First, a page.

Friday, 13 June 2014

"The dreadful steel": A Terrible Surgery for Frances Burney

Frances Burney (aka Fanny Burney, Madame d'Arblay; Lynn Regis, Norfolk, (now King's Lynn), England, 13th June 1752 – Bath, Somerset, England, 6th January 1840)


Frances d'Arblay (Fanny Burney) by Edward Francisco Burney, 1784
Frances d'Arblay (Fanny Burney) by Edward Francisco Burney, 1784
Today marks the birthday of a particular favourite of mine, Fanny Burney. Although she was not always the most understanding person, as Mrs Thrale might testify, she was, at times, something of a force of nature. Today, on the anniversary of her birth, I have another grisly tale of unanaesthetised  groundbreaking surgery to relate, so grit your teeth and read on.

In 1810 Fanny was living in Passy, just outside Paris, with General Alexandre D'Arblay, her husband of 17 years. For some time she had been complaining of recurring pains in her breast and, fearing she was suffering form cancer, the General summoned a phalanx of leading physicians to tend his wife. Her case was taken on by Antoine Dubois, the most celebrated surgeon in France and a personal doctor to Empress Marie Louise. Although he confirmed the cancer, Dubois privately believed that it had progressed too far for treatment and a distraught D'Arblay handed the responsibility for his wife's medical care over to Dominique Jean Larrey.

In fact, Larrey too was reluctant to operate as he feared that he would simply hasten Fanny's demise. He sought advice and eventually it was agreed that, if she was to stand any chance of recovery, a mastectomy must be performed. At this point Dubois returned to the fold to direct the team of seven who would conduct the operation, with Larrey taking the role of chief surgeon at the patient's own request.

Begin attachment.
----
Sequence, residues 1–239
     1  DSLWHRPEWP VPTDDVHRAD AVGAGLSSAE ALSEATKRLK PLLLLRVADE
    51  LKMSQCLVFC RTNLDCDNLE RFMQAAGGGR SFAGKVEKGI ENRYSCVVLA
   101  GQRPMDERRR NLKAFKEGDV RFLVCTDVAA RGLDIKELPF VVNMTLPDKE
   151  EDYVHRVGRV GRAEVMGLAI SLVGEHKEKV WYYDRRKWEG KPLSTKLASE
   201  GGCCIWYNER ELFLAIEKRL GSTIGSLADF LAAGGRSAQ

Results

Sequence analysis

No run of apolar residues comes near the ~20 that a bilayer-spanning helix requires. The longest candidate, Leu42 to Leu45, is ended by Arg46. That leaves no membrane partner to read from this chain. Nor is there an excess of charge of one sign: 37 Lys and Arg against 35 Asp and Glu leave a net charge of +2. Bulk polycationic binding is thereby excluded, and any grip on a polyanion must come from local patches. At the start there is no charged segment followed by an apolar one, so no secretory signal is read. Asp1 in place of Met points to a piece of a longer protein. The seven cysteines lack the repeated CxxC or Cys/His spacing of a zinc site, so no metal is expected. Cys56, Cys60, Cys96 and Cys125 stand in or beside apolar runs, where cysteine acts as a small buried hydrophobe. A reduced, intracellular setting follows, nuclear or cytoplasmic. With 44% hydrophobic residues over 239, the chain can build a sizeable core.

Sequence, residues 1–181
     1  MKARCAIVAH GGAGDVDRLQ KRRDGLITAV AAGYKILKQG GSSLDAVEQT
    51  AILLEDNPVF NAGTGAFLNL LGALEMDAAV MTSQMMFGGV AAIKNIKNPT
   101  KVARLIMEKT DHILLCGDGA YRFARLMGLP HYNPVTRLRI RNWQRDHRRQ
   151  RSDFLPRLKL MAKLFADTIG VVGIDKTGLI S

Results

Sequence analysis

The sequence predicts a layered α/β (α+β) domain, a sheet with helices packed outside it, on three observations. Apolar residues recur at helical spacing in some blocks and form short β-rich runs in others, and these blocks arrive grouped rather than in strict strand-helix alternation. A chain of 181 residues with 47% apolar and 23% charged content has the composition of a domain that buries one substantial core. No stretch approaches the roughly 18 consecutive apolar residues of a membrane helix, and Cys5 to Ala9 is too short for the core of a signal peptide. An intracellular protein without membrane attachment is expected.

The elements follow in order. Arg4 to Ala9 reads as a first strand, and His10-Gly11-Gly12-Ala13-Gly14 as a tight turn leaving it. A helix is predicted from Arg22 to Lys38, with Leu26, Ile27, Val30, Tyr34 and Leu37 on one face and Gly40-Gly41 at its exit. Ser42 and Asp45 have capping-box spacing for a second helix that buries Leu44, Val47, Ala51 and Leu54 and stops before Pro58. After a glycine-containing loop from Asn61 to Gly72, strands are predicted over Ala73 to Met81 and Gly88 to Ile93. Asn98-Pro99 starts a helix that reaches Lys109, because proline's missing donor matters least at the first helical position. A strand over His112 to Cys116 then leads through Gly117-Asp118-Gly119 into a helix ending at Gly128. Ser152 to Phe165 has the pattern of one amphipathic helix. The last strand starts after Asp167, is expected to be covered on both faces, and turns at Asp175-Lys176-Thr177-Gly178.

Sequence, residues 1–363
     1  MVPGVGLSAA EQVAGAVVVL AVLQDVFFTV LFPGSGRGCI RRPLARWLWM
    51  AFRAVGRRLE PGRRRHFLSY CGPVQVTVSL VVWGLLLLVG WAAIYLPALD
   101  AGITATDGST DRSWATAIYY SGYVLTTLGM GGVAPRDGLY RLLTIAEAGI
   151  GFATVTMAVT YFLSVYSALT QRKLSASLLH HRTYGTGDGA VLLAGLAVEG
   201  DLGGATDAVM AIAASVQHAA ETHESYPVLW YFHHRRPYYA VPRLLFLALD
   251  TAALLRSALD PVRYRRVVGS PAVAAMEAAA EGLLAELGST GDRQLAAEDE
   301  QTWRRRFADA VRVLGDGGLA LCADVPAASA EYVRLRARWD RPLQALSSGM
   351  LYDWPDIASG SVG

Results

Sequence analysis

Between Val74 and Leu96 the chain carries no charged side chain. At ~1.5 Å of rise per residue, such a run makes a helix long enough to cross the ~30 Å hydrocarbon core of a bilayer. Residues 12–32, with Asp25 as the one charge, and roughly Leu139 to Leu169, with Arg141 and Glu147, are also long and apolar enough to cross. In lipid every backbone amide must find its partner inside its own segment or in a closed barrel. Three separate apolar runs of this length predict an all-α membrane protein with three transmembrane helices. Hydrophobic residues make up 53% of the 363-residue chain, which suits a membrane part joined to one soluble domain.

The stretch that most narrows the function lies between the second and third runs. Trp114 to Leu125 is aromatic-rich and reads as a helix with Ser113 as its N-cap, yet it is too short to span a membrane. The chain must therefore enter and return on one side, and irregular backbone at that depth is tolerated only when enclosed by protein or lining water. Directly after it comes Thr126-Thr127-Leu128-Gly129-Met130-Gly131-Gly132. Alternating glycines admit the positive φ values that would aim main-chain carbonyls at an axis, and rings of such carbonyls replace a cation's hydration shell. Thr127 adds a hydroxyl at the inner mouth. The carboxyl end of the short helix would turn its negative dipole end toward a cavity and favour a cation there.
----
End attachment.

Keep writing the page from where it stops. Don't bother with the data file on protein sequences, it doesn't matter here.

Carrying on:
Understandably, Fanny was terrified of what the future might hold but kept her nerve stoically until, on 30 September 1811, the operation began. With no anaesthetic, her suffering was immense and she later wrote at great length on the experience, leaving us in no doubt as to the agony she endured. Yet even then she felt more pity for the surgeons carrying out the work than for herself and though the operation lasted just 20 minutes, it must have felt like an eternity.

She wrote to her sister, Esther, of the experience. It is not an easy account to share and we can only marvel at both the skill of the surgeons and the fortitude of their patient.

Yet -- when the dreadful steel was plunged into the breast – cutting through veins – arteries – flesh – nerves – I needed no injunctions not to restrain my cries. I began a scream that lasted unintermittingly during the whole time of the incision – & I almost marvel that it rings not in my Ears still? so excruciating was the agony. When the wound was made, & the instrument was withdrawn, the pain seemed undiminished, for the air that suddenly rushed into those delicate parts felt like a mass of minute but sharp & forked poniards, that were tearing the edges of the wound. I concluded the operation was over – Oh no! presently the terrible cutting was renewed – & worse than ever, to separate the bottom, the foundation of this dreadful gland from the parts to which it adhered – Again all description would be baffled – yet again all was not over, – Dr. Larry rested but his own hand, & -- Oh heaven! – I then felt the knife (rack)ling against the breast bone – scraping it!